Applied and Environmental Microbiology

Matthew Jenks, Division Director of Plant and Soil Sciences
email: majenks@mail.wvu.edu

Daniel Panaccione, Assistant Director of Graduate Programs
email: danpan@wvu.edu

Degree Offered

  • Master of Science with a major in Applied and Environmental Microbiology

Admissions

M.S. Applied and environmental microbiology

In order for a student to be admitted to the program, the applicant normally must fulfill the following admission criteria to be considered:

  • Possess a baccalaureate degree.
  • Have a minimum undergraduate grade point average of 2.75 (3.0 for acceptance as a regular graduate student).
  • Have an adequate academic aptitude at the graduate level as measured by the Graduate Record Examination (GRE) or other tests/evidence.
  • Provide three letters of reference from persons acquainted with the applicant’s professional work, experience, or academic background.
  • Submit a written statement of approximately 500 words indicating the applicant’s goals and objectives relative to receiving a graduate degree.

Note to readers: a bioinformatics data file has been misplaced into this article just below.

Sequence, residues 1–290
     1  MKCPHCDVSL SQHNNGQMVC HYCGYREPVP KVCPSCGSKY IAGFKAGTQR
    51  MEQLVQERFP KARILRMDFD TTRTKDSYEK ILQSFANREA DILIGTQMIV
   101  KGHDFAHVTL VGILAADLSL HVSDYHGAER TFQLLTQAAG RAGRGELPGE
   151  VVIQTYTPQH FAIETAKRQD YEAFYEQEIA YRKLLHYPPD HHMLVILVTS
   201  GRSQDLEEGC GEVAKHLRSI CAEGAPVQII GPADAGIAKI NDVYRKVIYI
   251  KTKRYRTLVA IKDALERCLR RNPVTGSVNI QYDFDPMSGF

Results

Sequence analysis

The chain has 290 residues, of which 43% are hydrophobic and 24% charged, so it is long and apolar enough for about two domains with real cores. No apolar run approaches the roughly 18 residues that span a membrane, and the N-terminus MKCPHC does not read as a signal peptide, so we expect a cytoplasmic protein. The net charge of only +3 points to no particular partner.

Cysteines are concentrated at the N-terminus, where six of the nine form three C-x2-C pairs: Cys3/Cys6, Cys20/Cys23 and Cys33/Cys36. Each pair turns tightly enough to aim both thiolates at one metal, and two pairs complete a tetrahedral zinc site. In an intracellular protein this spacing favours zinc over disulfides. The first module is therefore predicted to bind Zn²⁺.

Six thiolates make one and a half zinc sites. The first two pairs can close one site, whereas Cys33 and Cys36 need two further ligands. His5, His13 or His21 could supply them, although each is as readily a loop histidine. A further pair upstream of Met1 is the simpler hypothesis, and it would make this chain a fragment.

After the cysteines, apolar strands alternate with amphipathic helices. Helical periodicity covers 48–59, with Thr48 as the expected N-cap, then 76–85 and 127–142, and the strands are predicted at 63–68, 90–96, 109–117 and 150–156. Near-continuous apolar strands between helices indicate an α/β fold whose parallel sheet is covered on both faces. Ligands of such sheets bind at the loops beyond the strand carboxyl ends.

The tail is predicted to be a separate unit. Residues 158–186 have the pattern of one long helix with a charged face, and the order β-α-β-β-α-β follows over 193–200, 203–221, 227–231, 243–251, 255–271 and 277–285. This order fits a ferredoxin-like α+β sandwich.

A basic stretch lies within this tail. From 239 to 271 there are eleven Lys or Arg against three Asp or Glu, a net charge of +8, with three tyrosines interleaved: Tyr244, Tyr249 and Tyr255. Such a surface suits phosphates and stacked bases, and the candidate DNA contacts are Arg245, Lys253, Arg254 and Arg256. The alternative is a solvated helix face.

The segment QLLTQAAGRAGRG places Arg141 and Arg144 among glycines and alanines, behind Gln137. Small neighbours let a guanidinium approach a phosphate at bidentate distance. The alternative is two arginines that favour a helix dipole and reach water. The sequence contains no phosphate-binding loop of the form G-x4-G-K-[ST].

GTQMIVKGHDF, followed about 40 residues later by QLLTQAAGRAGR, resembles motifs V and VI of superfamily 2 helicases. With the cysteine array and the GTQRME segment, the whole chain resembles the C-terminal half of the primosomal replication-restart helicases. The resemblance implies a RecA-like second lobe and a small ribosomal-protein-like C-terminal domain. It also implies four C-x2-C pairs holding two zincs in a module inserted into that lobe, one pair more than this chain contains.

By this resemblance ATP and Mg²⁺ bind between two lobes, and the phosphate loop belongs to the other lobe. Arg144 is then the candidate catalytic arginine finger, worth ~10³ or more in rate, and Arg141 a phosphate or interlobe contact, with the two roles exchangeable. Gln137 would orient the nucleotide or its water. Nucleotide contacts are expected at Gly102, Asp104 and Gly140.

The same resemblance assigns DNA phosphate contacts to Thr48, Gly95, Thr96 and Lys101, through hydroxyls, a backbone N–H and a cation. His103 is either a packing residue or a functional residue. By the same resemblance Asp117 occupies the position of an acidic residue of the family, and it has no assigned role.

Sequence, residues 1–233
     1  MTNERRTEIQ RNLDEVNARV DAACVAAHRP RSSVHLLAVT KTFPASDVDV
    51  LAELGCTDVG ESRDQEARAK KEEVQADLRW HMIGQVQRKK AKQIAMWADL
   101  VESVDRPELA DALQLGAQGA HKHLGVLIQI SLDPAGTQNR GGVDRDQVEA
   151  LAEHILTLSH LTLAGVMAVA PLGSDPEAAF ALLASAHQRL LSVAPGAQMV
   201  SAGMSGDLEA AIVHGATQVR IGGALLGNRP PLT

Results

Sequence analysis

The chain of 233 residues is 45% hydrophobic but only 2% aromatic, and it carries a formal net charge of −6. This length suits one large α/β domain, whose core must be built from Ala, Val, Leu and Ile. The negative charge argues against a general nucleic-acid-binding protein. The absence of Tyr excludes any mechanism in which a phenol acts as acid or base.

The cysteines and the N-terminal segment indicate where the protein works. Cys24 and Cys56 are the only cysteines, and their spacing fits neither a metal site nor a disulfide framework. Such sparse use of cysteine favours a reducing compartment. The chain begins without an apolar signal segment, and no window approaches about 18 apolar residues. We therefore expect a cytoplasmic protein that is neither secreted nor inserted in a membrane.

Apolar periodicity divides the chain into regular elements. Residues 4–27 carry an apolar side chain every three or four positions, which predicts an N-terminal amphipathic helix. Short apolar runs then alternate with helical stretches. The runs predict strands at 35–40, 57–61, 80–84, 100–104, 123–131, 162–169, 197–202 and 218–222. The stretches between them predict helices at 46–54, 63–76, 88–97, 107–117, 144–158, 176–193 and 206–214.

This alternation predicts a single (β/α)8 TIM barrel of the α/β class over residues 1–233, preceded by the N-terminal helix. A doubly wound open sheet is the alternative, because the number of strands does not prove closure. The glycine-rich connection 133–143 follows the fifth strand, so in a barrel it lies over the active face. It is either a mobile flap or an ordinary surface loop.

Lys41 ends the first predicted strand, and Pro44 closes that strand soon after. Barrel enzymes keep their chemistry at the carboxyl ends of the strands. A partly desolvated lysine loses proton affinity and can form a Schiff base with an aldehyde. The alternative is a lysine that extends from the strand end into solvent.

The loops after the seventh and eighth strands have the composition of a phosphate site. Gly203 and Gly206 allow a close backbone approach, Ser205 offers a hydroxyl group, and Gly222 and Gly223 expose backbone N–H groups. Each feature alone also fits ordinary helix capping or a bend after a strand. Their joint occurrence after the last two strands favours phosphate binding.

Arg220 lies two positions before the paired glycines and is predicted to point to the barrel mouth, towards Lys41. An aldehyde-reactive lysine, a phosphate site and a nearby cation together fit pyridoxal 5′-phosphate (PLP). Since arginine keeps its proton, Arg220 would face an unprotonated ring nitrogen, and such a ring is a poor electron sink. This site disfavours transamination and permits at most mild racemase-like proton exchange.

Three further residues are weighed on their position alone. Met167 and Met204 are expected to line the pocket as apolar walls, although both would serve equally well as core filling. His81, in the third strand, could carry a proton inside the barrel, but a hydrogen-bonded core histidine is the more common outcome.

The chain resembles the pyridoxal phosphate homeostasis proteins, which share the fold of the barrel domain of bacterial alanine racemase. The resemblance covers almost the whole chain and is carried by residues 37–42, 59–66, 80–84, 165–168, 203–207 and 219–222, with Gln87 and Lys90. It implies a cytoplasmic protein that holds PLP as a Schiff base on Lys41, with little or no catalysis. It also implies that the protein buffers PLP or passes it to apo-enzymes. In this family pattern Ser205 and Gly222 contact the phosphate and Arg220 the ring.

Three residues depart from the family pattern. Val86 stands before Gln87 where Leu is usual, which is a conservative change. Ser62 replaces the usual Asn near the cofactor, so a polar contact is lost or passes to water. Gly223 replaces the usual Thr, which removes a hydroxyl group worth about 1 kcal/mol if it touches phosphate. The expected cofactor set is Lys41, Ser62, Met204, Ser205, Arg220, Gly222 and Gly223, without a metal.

International students have the additional requirement to submit a minimum score of 213 on the computer based TOEFL examination if their native language is not English. Interviews are encouraged but not required.

accelerated b.S./m.s.Applied and environmental microbiology

The ABM-AEM program will directly admit first year students (early admission) or admit students after the completion of at least 60 credit hours.

Early Admission

For early admission, entering WVU first-year students must have a minimum high school GPA of 3.0 and SAT or ACT test scores at or above the 70th percentile. Early admitted students must meet the standards described below for regular admission to continue in the ABM-AEM program after the completion of 60 credits. Students must provide a personal statement of no less than 500 words identifying the applicant's goals and objectives in obtaining the ABM-AEM degree and three letters of reference, at least two of which are required from persons familiar with the applicant's academic performance including those serving in an advisory role such as teachers, school administrators, or a guidance counselor.

Regular Admission